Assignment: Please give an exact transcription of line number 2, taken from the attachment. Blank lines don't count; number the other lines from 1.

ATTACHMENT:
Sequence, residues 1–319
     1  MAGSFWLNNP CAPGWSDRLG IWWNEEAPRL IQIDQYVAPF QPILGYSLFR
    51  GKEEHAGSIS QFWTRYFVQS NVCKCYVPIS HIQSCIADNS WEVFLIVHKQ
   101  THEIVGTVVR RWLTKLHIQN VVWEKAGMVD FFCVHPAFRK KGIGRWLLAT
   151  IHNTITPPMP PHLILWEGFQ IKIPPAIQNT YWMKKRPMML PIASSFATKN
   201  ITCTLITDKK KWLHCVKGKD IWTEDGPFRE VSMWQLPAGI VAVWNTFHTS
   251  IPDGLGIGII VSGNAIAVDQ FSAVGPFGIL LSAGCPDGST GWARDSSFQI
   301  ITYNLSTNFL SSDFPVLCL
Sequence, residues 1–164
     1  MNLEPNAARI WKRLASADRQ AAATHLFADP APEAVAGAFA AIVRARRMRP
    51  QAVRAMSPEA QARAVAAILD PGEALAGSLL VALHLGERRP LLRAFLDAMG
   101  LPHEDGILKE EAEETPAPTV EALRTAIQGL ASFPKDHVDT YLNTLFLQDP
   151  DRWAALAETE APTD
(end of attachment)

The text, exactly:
     1  MAGSFWLNNP CAPGWSDRLG IWWNEEAPRL IQIDQYVAPF QPILGYSLFR